• Surface Temperature: 73.3˚ F (23.0˚ C)
  • Water Level: 6’ 4” Below Full Pool
  • Water Visibility: 26.5”

As we progress into the warmth of summer the fish are starting to stack up around the fish attractors to take advantage of the shade and gamble on the possibility of an easy meal. During the cooler parts of the day the fish are cruising the shallows hoping to grab an unsuspecting small fish or invertebrate.  If you are fishing from the bank try casting the edges of cover.  If you are fishing from boat try fishing near any of the fish attractors or the large rock piles.  The visibility is currently clearer than usual. Until the lake darkens again, brighter artificial lures are expected to work well.  Here is a list of fish and what has seemed to work the best for each species:

BASS: Plum colored ‘Ol Monstor worms by Zoom.  Watermelon or Pumkinseed Culprit worms.  Most dark colored worms.  Crankbaits have not worked well.

BREAM: Worms (Red Wigglers and Pinks) on a Carolina rig. Near cover or near the shallower water during a full moon.  Tube jigs on a 1/8 oz. jig head.  Crickets have not worked well.

CHANNEL CATFISH: Red Wiggler worms, frozen Catalpa worms, and chicken livers tied to the hook with thread to prevent the liver from being easily pulled off the hook.

CRAPPIE: Chartreuse/white teaser tails, or similar color pattern in Triple Ripple.  Blue-bodied teaser tail with a chartreuse tail and most brightly (not yellow) colored teaser tails with an inch or two of the tail trimmed have worked very well.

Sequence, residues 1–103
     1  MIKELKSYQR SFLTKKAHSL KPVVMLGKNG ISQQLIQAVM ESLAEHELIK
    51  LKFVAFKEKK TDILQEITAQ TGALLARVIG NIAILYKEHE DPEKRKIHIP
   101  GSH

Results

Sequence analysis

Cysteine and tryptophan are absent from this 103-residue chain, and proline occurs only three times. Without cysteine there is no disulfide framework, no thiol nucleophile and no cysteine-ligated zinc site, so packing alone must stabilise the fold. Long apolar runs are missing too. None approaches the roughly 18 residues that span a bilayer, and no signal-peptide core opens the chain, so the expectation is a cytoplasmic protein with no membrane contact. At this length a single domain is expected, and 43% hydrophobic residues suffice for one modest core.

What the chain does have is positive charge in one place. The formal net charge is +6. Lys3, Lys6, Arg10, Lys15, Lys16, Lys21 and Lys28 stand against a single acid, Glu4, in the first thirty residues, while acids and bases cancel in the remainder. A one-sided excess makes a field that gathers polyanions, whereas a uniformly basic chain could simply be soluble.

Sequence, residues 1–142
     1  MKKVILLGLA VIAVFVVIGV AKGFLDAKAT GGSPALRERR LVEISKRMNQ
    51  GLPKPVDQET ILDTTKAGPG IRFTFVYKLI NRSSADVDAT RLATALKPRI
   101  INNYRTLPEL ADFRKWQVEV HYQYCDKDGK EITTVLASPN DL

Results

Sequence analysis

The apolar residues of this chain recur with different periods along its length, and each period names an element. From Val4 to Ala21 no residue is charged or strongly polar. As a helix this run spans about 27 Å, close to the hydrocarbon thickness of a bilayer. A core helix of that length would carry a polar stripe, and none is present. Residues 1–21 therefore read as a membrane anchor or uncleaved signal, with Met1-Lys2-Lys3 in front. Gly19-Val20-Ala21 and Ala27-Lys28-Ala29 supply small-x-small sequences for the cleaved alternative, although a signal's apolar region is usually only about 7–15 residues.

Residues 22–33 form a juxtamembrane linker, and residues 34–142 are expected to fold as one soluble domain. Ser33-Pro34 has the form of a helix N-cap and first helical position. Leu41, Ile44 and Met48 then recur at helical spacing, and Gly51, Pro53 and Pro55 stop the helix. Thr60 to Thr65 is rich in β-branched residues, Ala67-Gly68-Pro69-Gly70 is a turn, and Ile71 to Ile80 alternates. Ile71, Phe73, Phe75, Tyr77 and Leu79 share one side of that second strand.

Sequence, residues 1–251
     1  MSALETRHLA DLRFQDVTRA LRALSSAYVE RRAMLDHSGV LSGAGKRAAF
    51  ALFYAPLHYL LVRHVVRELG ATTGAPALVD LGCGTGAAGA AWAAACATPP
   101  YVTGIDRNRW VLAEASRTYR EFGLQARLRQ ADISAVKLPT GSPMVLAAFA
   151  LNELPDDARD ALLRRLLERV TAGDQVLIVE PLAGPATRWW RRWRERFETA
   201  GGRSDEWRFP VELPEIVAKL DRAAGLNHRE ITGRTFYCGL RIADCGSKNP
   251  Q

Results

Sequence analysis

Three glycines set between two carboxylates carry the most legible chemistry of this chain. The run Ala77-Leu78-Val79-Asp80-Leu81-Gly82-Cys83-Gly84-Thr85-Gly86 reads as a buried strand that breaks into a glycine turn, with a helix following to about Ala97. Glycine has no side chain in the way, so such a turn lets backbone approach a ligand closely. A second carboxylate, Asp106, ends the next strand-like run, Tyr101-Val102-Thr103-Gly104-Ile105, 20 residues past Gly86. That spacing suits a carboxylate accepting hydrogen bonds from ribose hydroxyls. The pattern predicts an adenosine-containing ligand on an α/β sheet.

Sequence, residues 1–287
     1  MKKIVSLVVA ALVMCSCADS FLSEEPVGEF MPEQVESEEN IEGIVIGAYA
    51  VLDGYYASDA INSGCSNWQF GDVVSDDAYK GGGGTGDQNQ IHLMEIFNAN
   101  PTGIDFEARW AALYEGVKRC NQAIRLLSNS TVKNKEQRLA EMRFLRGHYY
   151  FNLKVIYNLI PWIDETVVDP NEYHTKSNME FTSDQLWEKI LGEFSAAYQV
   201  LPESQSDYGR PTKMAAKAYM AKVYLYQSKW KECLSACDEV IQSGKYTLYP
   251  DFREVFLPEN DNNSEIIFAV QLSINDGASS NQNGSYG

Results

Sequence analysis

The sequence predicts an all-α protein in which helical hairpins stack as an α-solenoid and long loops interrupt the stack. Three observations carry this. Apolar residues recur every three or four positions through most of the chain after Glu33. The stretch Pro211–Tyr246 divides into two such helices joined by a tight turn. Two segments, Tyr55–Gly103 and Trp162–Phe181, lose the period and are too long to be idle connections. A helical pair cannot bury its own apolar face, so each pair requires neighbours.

• Temperature: Current range across lakes: 69.62 – 72.68 ⁰F
  • Water Visibility: 18 – 54+ inches
  • McDuffie PFA’s fish cleaning station is now open.

BASS: Largemouth bass bite has slowed down due to bedding activities.  Anglers have been catching small bass.  One angler caught a five pounder and another four or five pound bass self-released in Willow.  McDuffie PFA’s anglers are spreading the fishing pressure across the seven PFA lakes. Rodbender, the trophy bass pond is open year-round and anglers can harvest one Bass (22) twenty-two inches in length or longer.  This regulation is strictly enforced.

BREAM: Bream, both bluegill and redear are being caught in shallow water across the PFA.  Willow Lake is producing nice shellcrackers.  Rodbender also has bream both bluegill and redear.

CHANNEL CATFISH: Catfish are biting in all PFA lakes with Willow being the hot spot.  Anglers fishing Rodbender have reported several five and six pound channel catfish being caught.  An angler reported while fishing Rodbender for catfish his twenty pound test fishing line was snapped.  The best fishing is on the bottom using chicken liver, worms, stink-baits, or home made baits.  Later, in the spring catfish can also be caught in shallow water by fishing with worms or crickets under a bobber.

STRIPERS: Stripers were biting in Clubhouse and in Bridge Lakes.  Boat and kayaks anglers are catching stripers on small crank baits and Shad rap mid-lake or along the lake channel.  Stripers are biting on chicken liver fished on the bottom while anglers were targeting catfish.


  • Water Temps – Lo/Mid 60’s